In this episode of the Sarasota Neurology Podcast, Dr. Kassicieh, a recognized Parkinson’s disease expert, provides an overview of the disease and current techniques for managing it.
Parkinson’s disease is the second most common neurodegenerative disease seen in the United States. Only Alzheimer’s disease is more common. They both share the common fact that they are progressive neurological diseases that result in patients losing functional ability. Alzheimer’s disease affects memory, the ability to remember how to do things and general loss of mental function. Alzheimer’s patients are mostly not aware of the fact that they are neurologically deteriorating. They will make excuses for their memory short comings. Like Parkinson’s disease it is important to recognize Alzheimer’s early so that treatment can be started and outcomes will be improved.
Parkinson’s disease is primarily a progressive loss of the ability to move normally. There is a gradual slowing of movements as well as doing routine tasks such as shaving, dressing and getting ready to go out. Walking is affected and patients tend to shuffle with a forward stoop. Although tremor is common in Parkinson’s patients, not all have this. The converse is true: not everyone with tremor has Parkinson’s disease. There are many treatment available for Parkinson patients to improve their quality of life.
Not everything that shakes is Parkinson’s. If you are concerned that you or someone you love may be suffering from this or another movement disorder, please call (941) 955-5858 or click here to schedule your appointment today. If you’re outside the Sarasota area and unable to travel here, please locate a movement disorder specialist in your area.
Posted in Parkinson's disease, Podcast and tagged Alzheimer's, Alzheimer's disease, Dr. Kassicieh, memory, movement disorder, neurodegenerative, neurology, Parkinson, Quality of Life, Sarasota, Sarasota Neurology, tremor by Dan Kassicieh, D.O.
Parkinson disease was first described by James Parkinson in 1817 Over the years, various medication therapies have been FDA approved for Parkinson disease. In the 1960s, Sinemet (carbidooa-levodopa) was approved. Sinemet was and still is the gold standard therapy for Parkinson disease. While it is the gold standard, it should not be the first drug used to treat Parkinson disease. It should be the third or fourth drug used. Early use of Sinemet can result in unwanted, irreversible side effects.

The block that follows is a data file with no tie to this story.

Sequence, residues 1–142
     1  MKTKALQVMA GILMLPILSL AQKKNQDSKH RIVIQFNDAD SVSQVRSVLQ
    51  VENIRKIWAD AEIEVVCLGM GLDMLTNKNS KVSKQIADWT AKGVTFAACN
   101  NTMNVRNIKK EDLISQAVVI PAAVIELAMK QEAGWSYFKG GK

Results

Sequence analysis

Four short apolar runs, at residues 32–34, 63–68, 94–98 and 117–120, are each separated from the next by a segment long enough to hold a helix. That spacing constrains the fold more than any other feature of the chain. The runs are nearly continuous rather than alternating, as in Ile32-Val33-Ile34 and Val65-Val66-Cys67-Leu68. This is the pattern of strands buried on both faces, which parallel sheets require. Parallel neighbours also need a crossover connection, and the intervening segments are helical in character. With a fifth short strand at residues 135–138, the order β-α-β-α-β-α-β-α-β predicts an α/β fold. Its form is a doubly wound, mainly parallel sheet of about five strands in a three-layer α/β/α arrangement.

Dopamine agonist were FDA approved in the 1990s for first line Parkinson disease therapy. These medications mimic the effect of dopamine in the brain of Parkinson disease patients. Dopamine is the brain chemical that is deficient in these patients. Mirapex (pramipexole) and Requip (ropinirole) are two commonly used dopamine agonists in the treatment of Parkinson patients.
The newest dopamine agonist which was FDA approved for Parkinson treatment is Neupro. Neupro is unique in that it is a dopamine agonist patch medication. This transdermal patch system is applied once daily to clean, dry skin. The benefit is that Parkinson patients get a 24 hour continuous medication dosing. Patch application sites need to be rotated daily, to prevent skin irritation. Neupro comes in several dosage strengths. Like other Parkinson medications, the dose needs to be adjusted for ideal patient functioning, with minimal side effects.
Dopamine agonists can have potential side effects. This class of medication can cause symptoms of hallucinations, confusion, lowered blood pressure, drowsiness, sudden sleep attacks – particularly while driving. Other side effects include stomach upset, nausea and compulsive behaviors – including gambling, eating and hypersexuality.
Parkinson disease does not need to be a disabling condition. With careful neurological management and detail to your specific needs, a Parkinson patient can have an excellent, functional quality of life for many years.
Posted in Movement Disorders, Parkinson's disease and tagged Dr. Kassicieh, movement disorder, Movement Disorders, neurologist, Parkinson, Parkinson disease, Parkinson's disease, Sarasota Neurology by Dan Kassicieh, D.O.